This survey will ask about topics including diagnoses, medication (although we do not ask what specific medications you may take), hospitalizations, relations with co-workers, and experiences of disclosure at work.
The survey was vetted by colleagues in a range of disciplines and then piloted among a group of 10 people (both with and without mental-health disabilities) to test its usability and accessibility. Feedback from these sessions was incorporated into the survey's final form.
The demographic section asked participants to describe themselves in five areas: faculty rank, institution type, gender, race, and primary diagnosis. Respondents were able to select more than one category for institution type, gender, and race. Over half of respondents (66.2%, N=176) reported being employed as assistant, associate, or full professors, with the largest sub-group being assistant professors (29.3%, N=78). A large minority (33.5%, N=89) reported employment as non-tenure-track faculty, with the largest sub-group of these being faculty on contracts of less than one year (16.5%, N=44). The most common institutional types reported were universities granting graduate degrees (73.3%, N=195); four-year undergraduate institutions (18.0%, N=48); and community colleges (7.9%, N=21), with historically Black colleges/universities (HBCUs) and specialized schools represented in small numbers.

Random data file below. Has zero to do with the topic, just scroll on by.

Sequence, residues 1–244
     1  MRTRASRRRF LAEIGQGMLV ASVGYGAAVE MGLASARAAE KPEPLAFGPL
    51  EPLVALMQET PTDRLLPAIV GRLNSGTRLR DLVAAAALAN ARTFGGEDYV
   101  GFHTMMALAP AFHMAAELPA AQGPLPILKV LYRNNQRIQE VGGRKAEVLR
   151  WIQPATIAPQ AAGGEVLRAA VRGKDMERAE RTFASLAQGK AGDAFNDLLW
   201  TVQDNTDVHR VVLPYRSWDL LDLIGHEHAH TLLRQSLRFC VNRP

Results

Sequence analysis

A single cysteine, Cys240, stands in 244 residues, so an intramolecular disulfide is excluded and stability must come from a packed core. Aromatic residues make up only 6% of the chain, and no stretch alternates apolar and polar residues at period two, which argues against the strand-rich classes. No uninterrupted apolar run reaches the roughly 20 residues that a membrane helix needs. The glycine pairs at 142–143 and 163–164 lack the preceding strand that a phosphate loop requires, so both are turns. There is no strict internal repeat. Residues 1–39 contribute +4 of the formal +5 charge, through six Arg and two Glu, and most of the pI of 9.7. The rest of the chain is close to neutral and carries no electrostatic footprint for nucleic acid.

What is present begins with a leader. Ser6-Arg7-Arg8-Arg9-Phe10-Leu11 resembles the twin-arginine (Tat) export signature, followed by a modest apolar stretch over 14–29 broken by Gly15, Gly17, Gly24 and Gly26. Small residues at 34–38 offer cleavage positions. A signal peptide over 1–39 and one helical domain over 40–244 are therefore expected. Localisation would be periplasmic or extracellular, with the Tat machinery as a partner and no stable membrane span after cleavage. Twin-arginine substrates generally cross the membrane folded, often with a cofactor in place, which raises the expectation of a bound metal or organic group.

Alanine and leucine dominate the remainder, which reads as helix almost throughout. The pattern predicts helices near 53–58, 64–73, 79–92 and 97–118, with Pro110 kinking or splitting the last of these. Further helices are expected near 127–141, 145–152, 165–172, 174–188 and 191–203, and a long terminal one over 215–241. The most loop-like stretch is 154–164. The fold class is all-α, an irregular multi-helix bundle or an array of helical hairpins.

Women responded to the survey in the greatest numbers: 69.7% of respondents (N=186) identified themselves as women, 29.2% (N=78) as men, and 4.4% (N=12) as genderqueer, transgender, transsexual, or other. White respondents were also a large majority, 93.3% (N=249), with participants of color identifying themselves as Black and/or African American (3.7%, N=10), Asian (2.6%, N=7), Latino and/or Hispanic (1.5%, N=4), American Indian (1.5%, N=4), and other (1.5%, N=4). The most common primary diagnosis reported was depression (46.8%, N=125), followed by anxiety (37.5%, N=100), bipolar disorder (8.2%, N=22), and attention-deficit/hyperactivity disorder (4.5%, N=12).